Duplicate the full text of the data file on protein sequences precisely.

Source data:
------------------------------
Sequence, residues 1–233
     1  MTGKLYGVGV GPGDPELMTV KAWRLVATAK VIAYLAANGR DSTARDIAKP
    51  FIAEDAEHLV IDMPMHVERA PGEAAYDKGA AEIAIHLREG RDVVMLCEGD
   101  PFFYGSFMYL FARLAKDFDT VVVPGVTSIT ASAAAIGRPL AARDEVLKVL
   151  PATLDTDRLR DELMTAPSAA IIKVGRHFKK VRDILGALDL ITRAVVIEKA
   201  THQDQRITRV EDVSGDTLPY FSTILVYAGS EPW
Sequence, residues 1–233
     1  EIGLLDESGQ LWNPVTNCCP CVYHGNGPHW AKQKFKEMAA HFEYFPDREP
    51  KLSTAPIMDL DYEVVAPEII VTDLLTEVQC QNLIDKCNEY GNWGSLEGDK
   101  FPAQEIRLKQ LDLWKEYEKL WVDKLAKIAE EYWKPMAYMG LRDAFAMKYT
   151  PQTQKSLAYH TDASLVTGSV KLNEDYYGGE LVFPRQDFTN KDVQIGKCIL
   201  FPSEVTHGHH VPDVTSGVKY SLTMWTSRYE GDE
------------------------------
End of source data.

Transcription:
Sequence, residues 1–233
     1  MTGKLYGVGV GPGDPELMTV KAWRLVATAK VIAYLAANGR DSTARDIAKP
    51  FIAEDAEHLV IDMPMHVERA PGEAAYDKGA AEIAIHLREG RDVVMLCEGD
   101  PFFYGSFMYL FARLAKDFDT VVVPGVTSIT ASAAAIGRPL AARDEVLKVL
   151  PATLDTDRLR DELMTAPSAA IIKVGRHFKK VRDILGALDL ITRAVVIEKA
   201  THQDQRITRV EDVSGDTLPY FSTILVYAGS EPW
Sequence, residues 1–233
     1  EIGLLDESGQ LWNPVTNCCP CVYHGNGPHW AKQKFKEMAA HFEYFPDREP
    51  KLSTAPIMDL DYEVVAPEII VTDLLTEVQC QNLIDKCNEY GNWGSLEGDK
   101  FPAQEIRLKQ LDLWKEYEKL WVDKLAKIAE EYWKPMAYMG LRDAFAMKYT
   151  PQTQKSLAYH TDASLVTGSV KLNEDYYGGE LVFPRQDFTN KDVQIGKCIL
   201  FPSEVTHGHH VPDVTSGVKY SLTMWTSRYE GDE